PHILADELPHIA — Francisco Lindor does not like to talk about last year. And why would he? Offensively, 2021 was his worst-career season. He finished the year hitting .230/.322/.412 with an OPS+ of 101 (league average is 100). But it was his slow start — weeks after signing a 10-year, $341 million contract, no less — that put him in an early hole. “You guys love talking about numbers. I hate talking about numbers,” Lindor jokingly told reporters on Thursday night, after he snapped his 0-for-18 skid at the plate with a monster two-run home run that sparked the Mets’ seven-run ninth inning rally against the Phillies. Lindor’s mindset and approach are noticeably different this season, as he’s hitting .241/.331/.426 with an OPS+ of 126, five home runs and 17 RBI through his major-league-leading first 28 games of the season. He’s carefree, relaxed, talkative, cracking jokes, having fun and putting less of the burden on himself when he does go through a rough patch at the plate. It helps that, while Lindor went through a 1-for-21 stretch to begin May, the...
    NEW YORK (AP) — Carlos Carrasco pitched into the eighth inning for the first time in almost three years, leading the New York Mets over the San Francisco Giants 6-2 on Thursday. Francisco Lindor, who had three hits, and Eduardo Escobar each connected for solo homers. Escobar’s second-inning shot gave the Mets the lead for good as they took three of four from the Giants. READ MORE: Raiders Legendary QB Daryle Lamonica, 'The Mad Bomber', Dies At 80“We’re the New York Mets,” Lindor said with a grin after his first start at designated hitter since Aug. 2, 2020. “We’ve got a good team.” Mets manager Buck Showalter was back in the dugout after missing a game because of a medical procedure. Carrasco (1-0) allowed four hits and walked none while striking out seven over 7 2/3 innings. It was his longest outing since he went 7 2/3 innings for Cleveland on May 4, 2019, a little more than two months before he was diagnosed with leukemia. Carrasco retired 18 in a row after Thairo Estrada’s RBI single in the second....
    Step one: Come back from a three-run deficit. Step two: Overturned call. Step three: Walk-off win. Francisco Lindor ripped an RBI single to center field in the bottom of the 10th to give the Mets a 5-4 win over the Giants in Game 1 of Tuesday’s doubleheader at Citi Field. The Mets shortstop, who also tied the game in the fifth, was mobbed by his teammates in a rowdy celebration. The Mets improved to 8-3, the second-best record in baseball, to begin their tough series against the Giants. The Amazin’s snapped San Francisco’s five-game winning streak. Pete Alonso turned what could have been an impactful throwing error from Lindor into the final out of the top of the 10th. On a routine grounder, Lindor threw the ball wide to Alonso as the Giants’ potential go-ahead run crossed home plate. But the umpires overturned their original safe call, and an E6, after replay showed Alonso used all 6 feet, 3 inches of his frame to both extend his left arm for the catch while keeping his right foot on the bag....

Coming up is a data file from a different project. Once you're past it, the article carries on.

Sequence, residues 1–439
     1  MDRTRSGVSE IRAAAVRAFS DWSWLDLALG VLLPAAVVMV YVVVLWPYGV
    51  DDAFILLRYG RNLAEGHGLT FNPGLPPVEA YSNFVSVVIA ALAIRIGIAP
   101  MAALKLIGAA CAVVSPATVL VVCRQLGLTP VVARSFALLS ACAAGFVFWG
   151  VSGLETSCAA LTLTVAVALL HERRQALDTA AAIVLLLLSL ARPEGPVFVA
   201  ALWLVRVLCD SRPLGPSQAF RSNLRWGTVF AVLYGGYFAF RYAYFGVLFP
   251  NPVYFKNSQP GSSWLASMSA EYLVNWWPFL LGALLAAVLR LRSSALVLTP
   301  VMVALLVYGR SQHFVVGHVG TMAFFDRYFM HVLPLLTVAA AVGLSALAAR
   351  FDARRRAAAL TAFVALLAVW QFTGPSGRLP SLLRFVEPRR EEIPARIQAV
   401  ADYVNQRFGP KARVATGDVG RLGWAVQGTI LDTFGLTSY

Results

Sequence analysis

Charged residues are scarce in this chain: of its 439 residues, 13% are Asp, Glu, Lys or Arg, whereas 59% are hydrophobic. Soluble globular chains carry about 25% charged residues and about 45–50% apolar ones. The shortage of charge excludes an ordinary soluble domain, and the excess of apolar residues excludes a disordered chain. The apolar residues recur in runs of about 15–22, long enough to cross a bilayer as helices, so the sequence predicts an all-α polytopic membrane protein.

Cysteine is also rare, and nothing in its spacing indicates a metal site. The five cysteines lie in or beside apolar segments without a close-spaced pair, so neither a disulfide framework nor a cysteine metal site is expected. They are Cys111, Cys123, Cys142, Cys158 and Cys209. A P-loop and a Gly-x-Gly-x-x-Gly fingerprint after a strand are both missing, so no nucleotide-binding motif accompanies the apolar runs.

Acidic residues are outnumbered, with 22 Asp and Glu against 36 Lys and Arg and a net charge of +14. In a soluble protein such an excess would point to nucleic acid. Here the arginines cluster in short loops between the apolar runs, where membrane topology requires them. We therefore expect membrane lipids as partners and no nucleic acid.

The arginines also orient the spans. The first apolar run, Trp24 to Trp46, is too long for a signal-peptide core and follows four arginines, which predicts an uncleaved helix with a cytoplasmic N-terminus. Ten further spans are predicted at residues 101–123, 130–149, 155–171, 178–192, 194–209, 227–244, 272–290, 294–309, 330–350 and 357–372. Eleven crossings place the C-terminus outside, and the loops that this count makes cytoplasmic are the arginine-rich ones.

New York Mets fans were ecstatic to see shortstop Francisco Lindor lead the team to a walk-off win over the San Francisco Giants. The New York Mets and San Francisco Giants were supposed to play on Apr. 18, but the game was postponed until the following day as part of a double-header. For Mets fans watching at Citi Field and at home got to see star shortstop Francisco Lindor play the role of hero for the Mets. With a runner on first and third with one out in the bottom of the 10th inning, Lindor hit a base hit off Jarlin Garcia to the gap in center field to give the Mets the 5-4 win. FRANCISCO LINDOR WALKS IT OFF‼️ (via @MLB)pic.twitter.com/stsu2XmhE1 — SportsCenter (@SportsCenter) April 19, 2022 Mets fans were ecstatic to see Lindor lead the Mets to their eighth win of the season.Mets fans go crazy for Francisco Lindor’s heroics, walk-off hit to beat GiantsThe silence from the haters is deafening — Cylor MeGOAT ???? (@LindorSZN) April 19, 2022 This team got a different vibe to...